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Tuesday’s EuroFile: Tirreno-Adriatico attracts top field; Petacchi scores; González’s revenge?

Three-time world champion Oscar Freire (Rabobank) headlines an all-star field for Tirreno-Adriatico set to begin Wednesday in Tivoli along Italy’s western coast. The race of “due mari” pushes east across the middle of the Italian peninsula and serves as an ideal proving ground for contenders for Milan-San Remo. Among the former MSR winners taking the start include Freire, Alessandro Petacchi and Erik Zabel (Milram) and Paolo Bettini (Quick Step). Other big names include Michael Boogerd and Erik Dekker (Rabobank), 2003 world champ Igor Astarloa (Barloworld), last year's Tour green jersey

By Andrew Hood

Freire is part of a star-filled field at Tirreno-Adriatico

Freire is part of a star-filled field at Tirreno-Adriatico

Photo: AFP (file photo)

Three-time world champion Oscar Freire (Rabobank) headlines an all-star field for Tirreno-Adriatico set to begin Wednesday in Tivoli along Italy’s western coast.

The race of “due mari” pushes east across the middle of the Italian peninsula and serves as an ideal proving ground for contenders for Milan-San Remo. Among the former MSR winners taking the start include Freire, Alessandro Petacchi and Erik Zabel (Milram) and Paolo Bettini (Quick Step). Other big names include Michael Boogerd and Erik Dekker (Rabobank), 2003 world champ Igor Astarloa (Barloworld), last year’s Tour green jersey winner Thor Hushovd (Credit Agricole), Robbie McEwen and Fred Rodriguez (Davitamon-Lotto).

An on-form George Hincapie joins Discovery Channel teammates Tom Danielson and two-time Giro champ Paolo Savoldelli with Davide Rebellin (Gerolsteiner), Danilo Di Luca, Magnus Backstedt and Stefano Garzelli (Liquigas), Ivan Basso and Stuart O’Grady (CSC), and Andreas Kloden (T-Mobile) also lining up.

The race is typically a sprinter’s paradise, but many of the stages finish with short but tough uphill approaches. A new twist, an individual time trial, is back in the fold for the first time in several years and the 20km race against the clock is sure to be a king-maker.

2006 Tirreno-Adriatico, March 8-14Stage 1, March 8: Tivoli-Tivoli, 167.9kmStage 2, March 9: Tivoli to Frascati, 171kmStage 3, March 10: Avezzano to Paglieta, 183kmStage 4, March 11: Paglieta Civitanova to March, 219kmStage 5, March 12: Servigliano-Servigliano, 20kmStage 6, March 13: S. Benedetto del Tronto to S. Giacomo, 164kmStage 7, March 14: Campli to S. Benedetto del Tronto, 166km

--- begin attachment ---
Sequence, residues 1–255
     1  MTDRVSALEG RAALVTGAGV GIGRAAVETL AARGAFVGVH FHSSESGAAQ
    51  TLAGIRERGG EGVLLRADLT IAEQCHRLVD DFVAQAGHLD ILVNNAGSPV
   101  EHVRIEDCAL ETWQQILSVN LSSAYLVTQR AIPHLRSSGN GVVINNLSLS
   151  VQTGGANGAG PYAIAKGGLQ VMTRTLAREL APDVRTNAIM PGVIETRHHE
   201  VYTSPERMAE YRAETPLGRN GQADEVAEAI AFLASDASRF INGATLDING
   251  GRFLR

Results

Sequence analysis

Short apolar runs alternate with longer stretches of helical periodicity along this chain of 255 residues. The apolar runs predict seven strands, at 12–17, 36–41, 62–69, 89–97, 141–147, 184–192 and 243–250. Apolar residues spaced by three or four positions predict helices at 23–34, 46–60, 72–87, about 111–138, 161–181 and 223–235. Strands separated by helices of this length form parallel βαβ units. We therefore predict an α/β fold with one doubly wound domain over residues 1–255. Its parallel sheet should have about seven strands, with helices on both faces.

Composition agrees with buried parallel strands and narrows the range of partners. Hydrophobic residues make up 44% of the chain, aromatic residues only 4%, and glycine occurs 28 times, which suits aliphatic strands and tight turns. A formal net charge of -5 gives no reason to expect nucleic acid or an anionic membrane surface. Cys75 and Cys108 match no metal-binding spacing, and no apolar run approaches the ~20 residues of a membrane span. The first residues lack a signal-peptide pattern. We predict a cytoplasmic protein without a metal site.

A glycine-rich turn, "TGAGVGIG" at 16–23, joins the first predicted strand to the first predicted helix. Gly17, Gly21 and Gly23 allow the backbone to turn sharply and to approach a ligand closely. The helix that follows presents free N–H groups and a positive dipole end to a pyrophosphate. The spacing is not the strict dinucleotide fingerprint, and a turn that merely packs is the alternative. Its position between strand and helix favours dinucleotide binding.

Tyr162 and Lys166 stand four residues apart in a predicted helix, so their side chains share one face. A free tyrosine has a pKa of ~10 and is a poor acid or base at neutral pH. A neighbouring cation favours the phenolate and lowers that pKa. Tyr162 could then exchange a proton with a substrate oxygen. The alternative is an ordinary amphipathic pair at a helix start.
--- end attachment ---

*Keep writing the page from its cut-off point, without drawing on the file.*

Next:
Petacchi wins in Lucca
Not to be out-done by the victory of arch-rival Tom Boonen in Paris-Nice, Alessandro Petacchi (Milram) put the world on notice with an impressive win at the Giro di Lucca on Monday.

None other than teammate Erik Zabel acted as his set-up man in the sprint victory ahead of Claudio Corioni (Lampre). The victory was Petacchi’s sixth on the season, compared to Boonen’s eight.

Petacchi’s season haul should go as he’s slated to start Tirreno-Adriatico on Wednesday against a stacked field. Angry words from Murcia winner González
Vuelta a Murcia winner Santos González didn’t mince words when asked about his expulsion from last year’s Vuelta a España by his Phonak team while sitting in eighth place overall.

Though he didn’t fail a UCI-sanctioned test nor penalized for doping, González was eventually let go by the Swiss ProTour team despite having a contract for the 2006 season when he returned inconsistent blood tests in internal, team-conducted tests.

“This triumph has a special dedication to John Lelangue and Juan Fernández who wanted to bury me last year in the Vuelta,” González told Spanish reporters, referring to Phonak’s team manager and sport director. “They made it very hard for me, but I am here and I will be around for various more years in the professional world.”

For González, Murcia was sweet revenge.

Photo: Graham Watson

A bitter González was forced to settle for Spanish continental team 3 Molinas, which he promised he would win the Vuelta a Murcia as a personal revenge against an injustice he says was motivated by money.